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Please help with banging steam pipes!

cbscinta1cbscinta1 Posts: 46Member
Greetings,



I have a 1964 Peerless steam boiler. The pipes bang

mercilessly and it's creating a problem for sleeping, particularly for

my wife. I realize that the banging may be caused by several factors,

but before re-pitching my radiators or replacing the boiler or any other

expensive and invasive procedures, I'd like to know if the furnace is

actually functioning properly.



I've attached close-up of the

current controls and a wider shot for your convenience. The heat is currently off so the boiler is "cold."



Any help would

be very much appreciated--my marriage may depend on it!
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Comments

  • SteamheadSteamhead Posts: 9,266Member ✭✭✭✭
    Probably not the boiler's fault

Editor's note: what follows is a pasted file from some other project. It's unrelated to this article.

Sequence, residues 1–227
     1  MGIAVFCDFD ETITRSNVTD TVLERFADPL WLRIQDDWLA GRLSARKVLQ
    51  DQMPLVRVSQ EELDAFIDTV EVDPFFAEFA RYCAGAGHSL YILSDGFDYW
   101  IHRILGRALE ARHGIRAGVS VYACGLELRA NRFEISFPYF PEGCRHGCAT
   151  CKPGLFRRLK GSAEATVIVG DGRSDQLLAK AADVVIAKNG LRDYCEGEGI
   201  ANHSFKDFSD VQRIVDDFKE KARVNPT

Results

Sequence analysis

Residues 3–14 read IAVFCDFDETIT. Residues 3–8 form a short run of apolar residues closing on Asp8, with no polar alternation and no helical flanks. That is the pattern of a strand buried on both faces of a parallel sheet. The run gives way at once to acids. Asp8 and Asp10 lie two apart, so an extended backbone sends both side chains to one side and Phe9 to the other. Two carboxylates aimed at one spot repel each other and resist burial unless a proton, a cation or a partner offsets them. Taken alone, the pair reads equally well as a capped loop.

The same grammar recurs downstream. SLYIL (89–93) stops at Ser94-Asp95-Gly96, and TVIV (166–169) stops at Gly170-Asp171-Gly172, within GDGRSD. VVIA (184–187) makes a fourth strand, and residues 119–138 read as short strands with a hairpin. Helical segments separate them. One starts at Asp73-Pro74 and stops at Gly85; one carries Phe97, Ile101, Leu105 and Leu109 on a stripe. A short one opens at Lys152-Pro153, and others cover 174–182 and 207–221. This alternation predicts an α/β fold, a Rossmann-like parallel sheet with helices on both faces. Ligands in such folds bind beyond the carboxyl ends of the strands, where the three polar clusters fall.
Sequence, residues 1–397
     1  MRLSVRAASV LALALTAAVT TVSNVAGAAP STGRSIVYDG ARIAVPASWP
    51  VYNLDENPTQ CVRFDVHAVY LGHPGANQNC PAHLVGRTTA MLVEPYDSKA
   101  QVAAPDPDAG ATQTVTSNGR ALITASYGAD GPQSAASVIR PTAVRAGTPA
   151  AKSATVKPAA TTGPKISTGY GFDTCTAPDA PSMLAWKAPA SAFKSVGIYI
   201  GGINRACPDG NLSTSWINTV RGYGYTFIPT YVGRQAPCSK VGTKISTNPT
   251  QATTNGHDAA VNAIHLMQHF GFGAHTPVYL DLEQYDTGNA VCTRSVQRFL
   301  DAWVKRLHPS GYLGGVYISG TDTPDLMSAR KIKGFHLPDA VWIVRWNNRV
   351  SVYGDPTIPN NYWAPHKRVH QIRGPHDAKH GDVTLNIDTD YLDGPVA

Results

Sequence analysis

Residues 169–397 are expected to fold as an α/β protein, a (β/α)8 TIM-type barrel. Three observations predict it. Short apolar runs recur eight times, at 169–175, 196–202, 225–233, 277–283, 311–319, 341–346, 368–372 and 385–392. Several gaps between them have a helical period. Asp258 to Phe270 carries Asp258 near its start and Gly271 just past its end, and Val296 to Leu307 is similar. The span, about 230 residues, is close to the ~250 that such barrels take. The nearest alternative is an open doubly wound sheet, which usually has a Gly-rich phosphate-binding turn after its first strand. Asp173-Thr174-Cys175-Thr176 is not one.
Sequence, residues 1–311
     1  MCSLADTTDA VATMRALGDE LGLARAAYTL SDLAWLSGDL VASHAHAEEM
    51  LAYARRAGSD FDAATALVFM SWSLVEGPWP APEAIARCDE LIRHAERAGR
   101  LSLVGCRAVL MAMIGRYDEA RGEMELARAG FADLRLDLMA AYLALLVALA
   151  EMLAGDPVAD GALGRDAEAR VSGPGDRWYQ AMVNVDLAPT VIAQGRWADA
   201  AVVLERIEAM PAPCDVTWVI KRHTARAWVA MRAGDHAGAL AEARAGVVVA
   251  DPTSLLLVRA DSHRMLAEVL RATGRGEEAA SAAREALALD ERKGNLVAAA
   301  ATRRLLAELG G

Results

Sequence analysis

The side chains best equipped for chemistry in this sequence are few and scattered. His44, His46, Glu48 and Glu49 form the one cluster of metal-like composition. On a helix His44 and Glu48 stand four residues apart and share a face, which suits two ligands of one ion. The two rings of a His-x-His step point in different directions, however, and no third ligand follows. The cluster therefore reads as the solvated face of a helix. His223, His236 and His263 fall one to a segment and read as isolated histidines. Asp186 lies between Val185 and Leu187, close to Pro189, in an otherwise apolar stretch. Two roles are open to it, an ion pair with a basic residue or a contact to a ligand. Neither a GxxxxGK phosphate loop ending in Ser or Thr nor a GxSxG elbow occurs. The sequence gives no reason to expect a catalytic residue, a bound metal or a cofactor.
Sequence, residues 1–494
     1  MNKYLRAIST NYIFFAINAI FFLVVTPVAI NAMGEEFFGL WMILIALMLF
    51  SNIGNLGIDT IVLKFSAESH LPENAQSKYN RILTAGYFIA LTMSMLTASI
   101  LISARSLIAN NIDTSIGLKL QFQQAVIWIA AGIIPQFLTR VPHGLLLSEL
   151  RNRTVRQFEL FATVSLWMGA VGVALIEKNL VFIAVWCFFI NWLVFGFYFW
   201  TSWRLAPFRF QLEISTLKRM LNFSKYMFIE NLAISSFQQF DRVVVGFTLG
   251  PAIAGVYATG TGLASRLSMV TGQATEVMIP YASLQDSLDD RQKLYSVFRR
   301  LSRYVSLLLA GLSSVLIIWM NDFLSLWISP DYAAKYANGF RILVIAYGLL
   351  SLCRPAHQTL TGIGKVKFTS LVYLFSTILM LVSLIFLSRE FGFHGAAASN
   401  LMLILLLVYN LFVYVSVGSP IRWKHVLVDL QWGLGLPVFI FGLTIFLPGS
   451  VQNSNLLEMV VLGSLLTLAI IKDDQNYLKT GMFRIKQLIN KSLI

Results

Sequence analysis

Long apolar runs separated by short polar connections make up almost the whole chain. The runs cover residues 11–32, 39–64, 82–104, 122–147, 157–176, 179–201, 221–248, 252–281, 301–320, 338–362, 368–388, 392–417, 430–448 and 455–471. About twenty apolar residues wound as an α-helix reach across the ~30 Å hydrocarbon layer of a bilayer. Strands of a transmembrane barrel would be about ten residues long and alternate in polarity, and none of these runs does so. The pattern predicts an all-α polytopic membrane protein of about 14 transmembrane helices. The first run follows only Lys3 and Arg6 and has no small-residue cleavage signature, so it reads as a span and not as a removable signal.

if the pipes are banging, the problem is in the system.



    I see you have a Vaporstat..... is this a Vapor system?
    All Steamed Up, Inc.
    "Reducing our country's energy consumption, one system at a time"
    Steam, Vapor & Hot-Water Heating Specialists
    Oil & Gas Burner Service
    Baltimore, MD (USA) and consulting anywhere.
    ·
  • cbscinta1cbscinta1 Posts: 46Member
    two-pipe

    I don't really know anything about the specs, just that it's a two-pipe steam system and the boiler is 50 years old. We've been living with the banging but it's gettin out of hand. I saw somwhere that improper settings may contribute to banging and high bills--which we also have.
    ·
  • SteamheadSteamhead Posts: 9,266Member ✭✭✭✭
    edited November 2013
    It's probably Vapor

    Post pics of a few rads, including their shutoff valves and whatever devices are on the radiator return connections. Also any devices mounted in the piping around the boiler. See if you can find any names on them. This should point us in the right direction.
    All Steamed Up, Inc.
    "Reducing our country's energy consumption, one system at a time"
    Steam, Vapor & Hot-Water Heating Specialists
    Oil & Gas Burner Service
    Baltimore, MD (USA) and consulting anywhere.
    ·
  • cbscinta1cbscinta1 Posts: 46Member
    edited November 2013
    No specific equipment